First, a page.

President Obama’s speech tonight (June 22) violated one of his most important campaign promises: to “end the mind-set that leads to war.”

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To the contrary, his announcement of a token shift of 10,000 soldiers leaving by the end of 2011, and maybe another 23,000 in another year, makes clear that his claim tonight that “the tide of war is receding” remains untrue. The enormous current deployment of 250,000 U.S. and allied military forces (100,000 U.S. troops, 50,000 NATO troops and 100,000 Pentagon-paid contractors) in Afghanistan continues, and reflects not an end but an embrace of the mind-set of war, even with this small shift of soldiers. This was an opportunity for President Obama to recognize our democracy, to acknowledge and – dare I suggest? – even respect the views of the vast majority of the American people. Sixty-four percent of the people of our country believe the war is not worth fighting. When this war began in October 2001, only about 12% of people in the U.S. did not support it. So 64% opposition means a lot of folks have come to that realization now after years of escalating Afghan civilian and U.S. military casualties, years of a collapsing economy, and yes, years of hard-fought anti-war organizing.

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Washington: 'Let's Cut Spending!' The Public: 'Let's Raise Taxes!'

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The big lesson from this survey is pretty straightforward: public opinion is important, but we shouldn’t overestimate its importance to debates in Washington. Often, what the public thinks is ancillary to what actually happens.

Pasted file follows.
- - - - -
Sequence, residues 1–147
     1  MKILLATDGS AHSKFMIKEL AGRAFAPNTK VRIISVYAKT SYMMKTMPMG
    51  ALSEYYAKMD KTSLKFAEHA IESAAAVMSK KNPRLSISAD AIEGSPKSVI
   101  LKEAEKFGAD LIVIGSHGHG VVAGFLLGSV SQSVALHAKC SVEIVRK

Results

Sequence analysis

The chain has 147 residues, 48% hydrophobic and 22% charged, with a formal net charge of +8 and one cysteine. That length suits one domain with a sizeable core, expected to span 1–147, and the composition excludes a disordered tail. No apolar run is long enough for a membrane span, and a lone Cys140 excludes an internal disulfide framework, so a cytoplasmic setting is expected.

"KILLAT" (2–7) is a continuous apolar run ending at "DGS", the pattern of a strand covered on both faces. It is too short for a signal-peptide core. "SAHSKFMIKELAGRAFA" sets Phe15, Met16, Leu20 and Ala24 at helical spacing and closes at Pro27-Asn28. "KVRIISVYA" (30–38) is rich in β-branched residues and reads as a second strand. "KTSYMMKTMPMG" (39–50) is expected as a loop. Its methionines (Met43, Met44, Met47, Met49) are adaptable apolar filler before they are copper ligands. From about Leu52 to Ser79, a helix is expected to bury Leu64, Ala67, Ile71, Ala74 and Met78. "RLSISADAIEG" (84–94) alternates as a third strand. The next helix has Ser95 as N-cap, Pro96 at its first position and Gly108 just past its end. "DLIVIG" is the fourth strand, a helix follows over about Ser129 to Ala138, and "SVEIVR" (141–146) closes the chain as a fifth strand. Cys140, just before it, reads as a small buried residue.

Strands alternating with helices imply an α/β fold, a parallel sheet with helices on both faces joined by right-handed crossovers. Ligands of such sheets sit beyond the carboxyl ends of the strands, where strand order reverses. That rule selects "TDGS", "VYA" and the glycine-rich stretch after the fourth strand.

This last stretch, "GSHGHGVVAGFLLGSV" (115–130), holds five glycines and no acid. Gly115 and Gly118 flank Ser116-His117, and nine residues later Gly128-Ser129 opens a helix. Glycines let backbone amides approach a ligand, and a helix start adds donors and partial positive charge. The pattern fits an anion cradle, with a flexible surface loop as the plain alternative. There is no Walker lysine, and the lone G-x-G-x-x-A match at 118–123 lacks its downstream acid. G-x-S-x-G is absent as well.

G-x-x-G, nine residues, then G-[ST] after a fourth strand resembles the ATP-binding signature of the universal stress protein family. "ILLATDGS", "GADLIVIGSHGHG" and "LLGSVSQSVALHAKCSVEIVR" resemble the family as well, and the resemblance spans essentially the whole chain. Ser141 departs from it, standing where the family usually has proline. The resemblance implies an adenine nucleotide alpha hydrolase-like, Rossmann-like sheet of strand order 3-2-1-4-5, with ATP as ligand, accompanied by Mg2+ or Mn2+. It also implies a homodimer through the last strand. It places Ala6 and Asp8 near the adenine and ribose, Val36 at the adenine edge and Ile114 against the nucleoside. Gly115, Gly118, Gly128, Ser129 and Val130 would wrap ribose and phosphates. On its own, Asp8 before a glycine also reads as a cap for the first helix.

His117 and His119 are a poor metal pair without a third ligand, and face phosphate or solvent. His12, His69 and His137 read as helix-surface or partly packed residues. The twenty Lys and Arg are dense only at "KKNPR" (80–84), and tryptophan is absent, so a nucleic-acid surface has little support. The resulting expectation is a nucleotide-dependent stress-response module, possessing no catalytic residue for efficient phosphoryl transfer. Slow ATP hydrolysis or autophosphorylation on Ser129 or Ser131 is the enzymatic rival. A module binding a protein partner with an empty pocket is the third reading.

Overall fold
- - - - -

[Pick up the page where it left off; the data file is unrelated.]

Jamelle Bouie, Nation Magazine

Conservatives are fond of claiming the United States as a “center-right country,” but public opinion polling routinely shows a country of people who amenable—if not enthusiastic—about liberal solutions to public policy problems. For example, in a recent Pew survey, when asked what they would support to cut the deficit, large majorities support a grab bag of liberal policies: raising the Social Security contribution cap, raising taxes on high-income earners, reducing our military presence, and limiting tax deductions for large corporations. Here's a chart showing the survey results.

This holds true even when broken down by partisan affiliation. Along with 73 percent of Democrats and 71 percent of independents, 54 percent of Republicans support the Social Security contribution cap. Likewise, 56 percent of Republicans want to reduce our military commitments abroad, and 62 percent want to limit tax deductions for large corporations.

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Open Letter to the Labor and Antiwar Movements

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  • Bring together representatives of labor unions, communities of color, immigrant communities, and religious congregations into the planning process in all local areas for building antiwar actions.
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  • The other groups that should be included in the antiwar movement's planning process are the entire socialist movement, the entire Lesbian, Gay, Bisexual,Transgender (LGBT) community, the entire conservation/environment movement, the entire human rights movement, the entire civil rights movement, the entire women's rights movement, the entire Atheist, Freethinker, Agnostic, Skeptic, Secular Humanist community.
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  • We ask all who support the labor/antiwar alliance as explained in this letter to join us as signatories of this open letter.
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Issued by the New National Assembly to Bring the Troops Home Now

Submitted by Evergreene Digest Contributing Editor John Stoltenberg

This article is made possible with the generous contributions of readers like you. Thank you!

Antiwar groups across the country have called for massive protests against the wars this coming October. Actions in different cities and nationally are slated for October 1, 6, 7, 15 and perhaps other dates. Some are local or regional in scope, at least one is focused on Washington D.C. All of the major antiwar groups, while having some demands unique to their own formations, share the central demand of bringing the troops home now.

There is something else we all share: a commitment to making the October demonstrations as large as possible. Toward that end, we urge that every effort be made by peace groups to include unions on the ground floor in planning the actions.